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Elaine DiMasi at a Democratic candidates’ forum in Setauket, New York

Ian Farber/DiMasi for Congress

Physicist hopes the evidence is clear in bid for New York congressional seat

SUFFOLK COUNTY IN NEW YORK—First-time congressional candidate Elaine DiMasi didn’t know what to expect when she knocked on a front door here in this Long Island community. But her opening words—“Hi, I’m a scientist at Brookhaven who quit because I want Lee Zeldin’s job”—were enough to win her an invitation from the woman who answered to come inside and chat.

The 49-year-old DiMasi doesn’t waste time getting down to business. Her top campaign issue, she tells the woman and her husband, is creating clean energy jobs to bolster the area’s economy and protect the environment, including more vocational training. She talks to the retirees about the need for universal health care, affordable housing, reasonably priced child care, and tuition-free higher education for working-class families. She also listened to their stories about the challenges facing their children and grandchildren, and how national Democratic leaders have never once thanked them for their small donations to the party over the years.

Ten minutes into the conversation come the magic words the candidate was hoping to hear. “My priority is getting rid of Zeldin,” the woman tells DiMasi, and “you have our vote.”

Two down, 4198 to go.

“What’s your win number?”

Numbers occupy a special place for DiMasi, a Ph.D. physicist who spent 22 years as a scientist and project manager at the Department of Energy’s Brookhaven National Laboratory in Upton, New York. Last summer she left the lab to run for the U.S. House of Representatives in New York’s first congressional district. And she is banking on her analytical skills to carry her to victory in the Democratic primary next week.

DiMasi has calculated that she will need 4200 votes to defeat four other Democrats and win the chance to take on incumbent Zeldin, who is running unopposed in the Republican primary, in the November general election. And she believes that retail politics—knocking on the doors of some 2000 registered Democrats, calling 3000 more voters whom she can’t meet in person, and showing up at countless political gatherings to interact with whoever is in the audience—is her best path to victory.

DiMasi lacks the big campaign war chest amassed by one of her primary opponents, commercial real estate developer Perry Gershon. She’s raised and spent $100,000, whereas Gershon has topped $2 million, including nearly $1 million of his own money. Nor can she match the flood of endorsements collected by another opponent, Kate Browning, a former Suffolk County legislator with widespread name recognition. Conventional wisdom says it’s a two-person race between Browning and Gershon, and that DiMasi and the two other Democrats candidates—Vivian Viloria-Fisher and David Pechefsky—will struggle to get more than a single-digit percentage of the vote.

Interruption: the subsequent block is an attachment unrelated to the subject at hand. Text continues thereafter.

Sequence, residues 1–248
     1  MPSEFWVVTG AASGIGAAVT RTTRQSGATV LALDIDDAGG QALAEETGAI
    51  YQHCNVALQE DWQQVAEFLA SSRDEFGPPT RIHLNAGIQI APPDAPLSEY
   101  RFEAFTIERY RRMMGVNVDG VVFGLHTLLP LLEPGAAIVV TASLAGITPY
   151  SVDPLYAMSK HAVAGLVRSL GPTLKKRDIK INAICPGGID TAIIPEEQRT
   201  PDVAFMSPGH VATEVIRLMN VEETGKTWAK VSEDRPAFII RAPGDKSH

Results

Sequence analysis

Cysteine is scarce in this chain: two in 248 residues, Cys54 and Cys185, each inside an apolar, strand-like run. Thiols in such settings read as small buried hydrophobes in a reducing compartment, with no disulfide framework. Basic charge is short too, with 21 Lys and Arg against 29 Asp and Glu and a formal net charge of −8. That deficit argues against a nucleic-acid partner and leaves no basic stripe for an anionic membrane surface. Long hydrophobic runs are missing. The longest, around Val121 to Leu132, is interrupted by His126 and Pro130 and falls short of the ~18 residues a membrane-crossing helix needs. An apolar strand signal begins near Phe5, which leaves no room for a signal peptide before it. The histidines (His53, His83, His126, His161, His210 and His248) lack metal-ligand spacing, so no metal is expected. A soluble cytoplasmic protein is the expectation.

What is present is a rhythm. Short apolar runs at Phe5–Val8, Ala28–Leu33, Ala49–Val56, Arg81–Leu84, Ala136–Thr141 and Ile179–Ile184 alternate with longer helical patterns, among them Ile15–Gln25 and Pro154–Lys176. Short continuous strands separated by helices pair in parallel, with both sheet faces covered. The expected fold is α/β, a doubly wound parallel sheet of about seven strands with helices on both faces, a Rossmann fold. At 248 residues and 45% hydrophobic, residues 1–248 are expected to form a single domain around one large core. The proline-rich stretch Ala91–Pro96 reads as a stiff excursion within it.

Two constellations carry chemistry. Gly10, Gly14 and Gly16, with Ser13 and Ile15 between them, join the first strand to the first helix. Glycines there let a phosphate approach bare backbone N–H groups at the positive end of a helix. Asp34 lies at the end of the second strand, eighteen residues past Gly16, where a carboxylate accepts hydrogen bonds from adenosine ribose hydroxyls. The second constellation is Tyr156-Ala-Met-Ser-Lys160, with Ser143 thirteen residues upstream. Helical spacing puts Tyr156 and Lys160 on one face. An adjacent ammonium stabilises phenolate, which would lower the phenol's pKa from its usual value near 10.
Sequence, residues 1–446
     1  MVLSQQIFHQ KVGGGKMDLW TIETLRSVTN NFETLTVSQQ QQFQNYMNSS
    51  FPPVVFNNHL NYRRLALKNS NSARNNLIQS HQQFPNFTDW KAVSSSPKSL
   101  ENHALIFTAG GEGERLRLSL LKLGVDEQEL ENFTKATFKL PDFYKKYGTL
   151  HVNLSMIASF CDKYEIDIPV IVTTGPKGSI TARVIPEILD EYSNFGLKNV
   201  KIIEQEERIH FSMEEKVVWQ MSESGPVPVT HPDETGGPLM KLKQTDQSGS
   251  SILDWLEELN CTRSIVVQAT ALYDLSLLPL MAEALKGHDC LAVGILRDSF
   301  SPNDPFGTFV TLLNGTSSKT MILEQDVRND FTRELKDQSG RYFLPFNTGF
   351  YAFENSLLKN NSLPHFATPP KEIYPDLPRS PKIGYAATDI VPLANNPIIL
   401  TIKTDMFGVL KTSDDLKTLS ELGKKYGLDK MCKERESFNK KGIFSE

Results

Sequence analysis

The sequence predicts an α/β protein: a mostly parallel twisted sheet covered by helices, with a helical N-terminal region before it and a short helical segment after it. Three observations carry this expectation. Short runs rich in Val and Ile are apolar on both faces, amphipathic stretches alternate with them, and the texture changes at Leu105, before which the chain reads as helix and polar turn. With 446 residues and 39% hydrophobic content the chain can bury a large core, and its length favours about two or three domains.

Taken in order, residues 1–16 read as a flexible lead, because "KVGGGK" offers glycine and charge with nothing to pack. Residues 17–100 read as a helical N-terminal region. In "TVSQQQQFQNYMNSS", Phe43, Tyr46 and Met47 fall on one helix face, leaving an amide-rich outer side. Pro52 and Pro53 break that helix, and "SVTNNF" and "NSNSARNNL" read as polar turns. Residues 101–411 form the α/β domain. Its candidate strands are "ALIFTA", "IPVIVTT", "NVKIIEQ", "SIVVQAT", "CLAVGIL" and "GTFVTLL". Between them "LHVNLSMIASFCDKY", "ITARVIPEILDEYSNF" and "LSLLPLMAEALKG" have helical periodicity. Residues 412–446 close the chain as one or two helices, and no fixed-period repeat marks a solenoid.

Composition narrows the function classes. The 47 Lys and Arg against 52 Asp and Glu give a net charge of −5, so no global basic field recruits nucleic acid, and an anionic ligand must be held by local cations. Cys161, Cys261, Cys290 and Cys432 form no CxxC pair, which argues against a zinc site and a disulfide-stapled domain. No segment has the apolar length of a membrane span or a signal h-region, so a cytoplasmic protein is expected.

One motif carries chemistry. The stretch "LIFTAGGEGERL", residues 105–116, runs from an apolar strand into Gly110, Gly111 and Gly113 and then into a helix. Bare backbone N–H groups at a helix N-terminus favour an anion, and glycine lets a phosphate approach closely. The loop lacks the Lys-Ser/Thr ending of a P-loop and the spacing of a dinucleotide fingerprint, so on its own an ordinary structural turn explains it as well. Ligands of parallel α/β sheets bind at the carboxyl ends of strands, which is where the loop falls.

That assessment doesn’t deter DiMasi. Primaries typically draw only hard-core voters, so targeted outreach like neighborhood canvassing instead of TV ads and mass mailings fits with DiMasi’s grassroots strategy. She also seems to savor her role as an underdog, telling a story about a local elected official who had been rather aloof until DiMasi qualified for the ballot by collecting nearly twice the number of required signatures.

“You know you weren’t supposed to be able to do that,” she recalls the official telling her. (She collected 2200 valid signatures, whereas Gershon led the pack with 3200.) “I guess that means anyone can win,” the politico continued. “So, what’s your win number?”

DiMasi had already done the math. Her first assumption was that the vote would not split evenly across the five candidates. “So, you surely will need more than 20% of the total,” she says. Then she looked at Gershon’s 25% share of the total number of signatures collected and decided she would need to capture at least 26% of those casting their votes. She chose an optimistically high figure for turnout.

Each time she cranked the numbers, the answer was the same: 4200 votes. “I guess that’s my win number,” she says.

Seeing the bottom fall out

Growing up in a “solidly conservative” family in Pittsburgh, Pennsylvania, DiMasi says her career options were heavily influenced by the books lying around the house that reflected her parents’ occupations—her father’s electrical engineering tomes and her mother’s anatomy textbooks. Still, she chose to major in physics at Pennsylvania State University in State College because she could take more electives. She earned her doctorate at the University of Michigan in Ann Arbor, followed by a postdoc at Brookhaven. However, what she assumed would be the first step toward an academic career took her down a different path.

“I thought I’d appreciate the university environment, with students and free thinkers running around, and to this day I miss the college-town vibe,” she says about Ann Arbor. “But at Brookhaven I found out what it was like to work with adult professionals—technicians and software engineers and mechanical engineers—and have the chance to build beautiful things and solve problems gracefully. Over time I came to love working with grown-ups, as I called them, rather than with students.”

She describes her work at Brookhaven as helping scientists “see better” by devising tools they can use to analyze data from its National Synchrotron Light Source. She was also co-editor of the Biomineralization Sourcebook, a guide to characterizing organic materials and biomaterials that mimic natural processes.

Her concern for the welfare of other scientists even influenced her decision to enter politics. “When I looked out my window at the new administration, I could see the bottom falling out,” she says about the drastic cuts to federal research spending that President Donald Trump proposed in his first budget. “My job would have been safe—I had been there 21 years, and I have tenure. But I didn’t want to sit and watch as younger people were not able to get a job like mine.”

Although ready for a career change, DiMasi knew she was facing a steep learning curve. So in April 2017 she attended a training workshop in Washington, D.C., sponsored by 314 Action, a Washington, D.C.–based nonprofit organization that works with scientists and engineers contemplating a run for office. Armed with advice and an initial list of political consultants, DiMasi returned home and within a few months decided to take the plunge.

“I’m going to do stuff”